On September 26-27, at Lower Manhattan Cultural Council’s Process Space Open Studios on Governors Island in New York, I presented the video and documentation of my project, Curtain Wall Part 3: An Immersive Landscape Theater Performance of Christopher Marlowe’s Hero and Leander. The work is meant to challenge the boundaries of theater and visual art performance and to take a radical approach to the use of text in performance.
I swam across New York Harbor to Governors Island on August 22, 2015, in completion of Christopher Marlowe’s poem Hero and Leander, left unfinished at the time of his murder in 1593.
Hero and Leander is a drama predicated upon a landscape. Leander falls in love with Hero, a virgin nun of Venus, and swims to her nightly across the Hellespont, a treacherous strait that runs between Asia and Europe in what is now Turkey. Though Leander captures Hero’s heart and takes her virginity, he eventually dies while crossing the strait, and, in despair, Hero kills herself by leaping into the water.
The landscape in theater theory, first explored by Gertrude Stein, deemphasized the narrative text and cultivated a decentralized composition in which visual design and other elements might bear equal weight. My swim silences me as a writer. I have reduced Marlowe’s text to the action described and three words (“Love, I come”).
The swim crosses the lines of visual art performance, theater, and sport. As Richard Schechner theorized, sports such as swimming share with theater and art performance the common elements of spectatorship, rule-based behavior, liveness, improvisation, ritual, contest, and space and time constraints. My project Curtain Wall began as an installation while I was a resident at Lower Manhattan Cultural Council’s Workspace (2011-12) and in its next phase was staged in a theater (2014). This iteration is a performed pun on so-called “immersive theater.”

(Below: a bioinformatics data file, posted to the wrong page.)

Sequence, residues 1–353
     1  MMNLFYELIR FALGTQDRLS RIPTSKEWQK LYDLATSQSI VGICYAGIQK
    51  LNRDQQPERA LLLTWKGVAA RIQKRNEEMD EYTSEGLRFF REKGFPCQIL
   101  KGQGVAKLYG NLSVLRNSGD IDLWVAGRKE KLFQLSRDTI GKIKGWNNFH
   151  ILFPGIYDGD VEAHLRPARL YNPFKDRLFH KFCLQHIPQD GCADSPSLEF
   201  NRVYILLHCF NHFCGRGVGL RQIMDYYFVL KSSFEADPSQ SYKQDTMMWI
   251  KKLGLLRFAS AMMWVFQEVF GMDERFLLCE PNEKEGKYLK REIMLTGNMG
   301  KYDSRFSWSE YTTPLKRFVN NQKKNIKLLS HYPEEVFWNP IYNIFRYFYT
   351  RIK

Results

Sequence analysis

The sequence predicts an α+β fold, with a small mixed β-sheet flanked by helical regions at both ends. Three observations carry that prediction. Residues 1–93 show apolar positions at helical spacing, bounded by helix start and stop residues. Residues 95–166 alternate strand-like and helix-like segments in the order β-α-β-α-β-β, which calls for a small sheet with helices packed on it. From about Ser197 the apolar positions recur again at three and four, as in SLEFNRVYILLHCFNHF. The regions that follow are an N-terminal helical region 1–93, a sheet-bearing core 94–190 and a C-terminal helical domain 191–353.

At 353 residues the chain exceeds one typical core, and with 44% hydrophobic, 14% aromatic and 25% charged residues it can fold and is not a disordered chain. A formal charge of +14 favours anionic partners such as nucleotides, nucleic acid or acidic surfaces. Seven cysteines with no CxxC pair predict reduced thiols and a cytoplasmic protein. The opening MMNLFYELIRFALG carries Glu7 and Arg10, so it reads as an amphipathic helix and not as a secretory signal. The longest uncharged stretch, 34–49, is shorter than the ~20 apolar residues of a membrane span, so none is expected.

The distinction between sport and theater, between action and the representation of it, runs to the core of the antitheatrical prejudice in Western culture, which Jonas Barish identified. Plato feared theater for its mimetic function, which had the power to seduce, distort the individual, and destroy the republic. Aristotle, on the other hand, embraced theater and the pull of emotion caused by imaginative reenactment. Does action speak for itself? Does the body have a language beyond words? Does it avoid the philosophical defects of mimesis? Does it speak unequivocally?
Apart from Marlowe’s poem, the myth has been treated extensively in literature (Ovid, Virgil, Keats, Tennyson, Byron), painting (Rubens, Turner), and music (Victor Herbert). Byron swam the Hellespont in 1810, enacting the myth and catching a cold, which he celebrated in verse.
Although a heterosexual romance, Hero and Leander dwells in homoeroticism. Marlowe luxuriously describes Leander’s beauty and lists the many men and gods in love with him. The last part of the poem that Marlowe wrote before his murder swirls around the sea god Poseidon’s infatuation with Leander. Marlowe is believed to have been homosexual or bisexual. Just as others have offered alternative endings, I complete Marlowe’s poem by swimming to Governors Island to meet my fiancé, the visual artist Franklin Evans.
Leander’s swim is a struggle to survive, a daring act of devotion, like the artist’s struggle to find meaning and create. Swimming for me was always about survival: I learned to swim while an infant as rehabilitative therapy following surgery to correct a fatal congenital condition.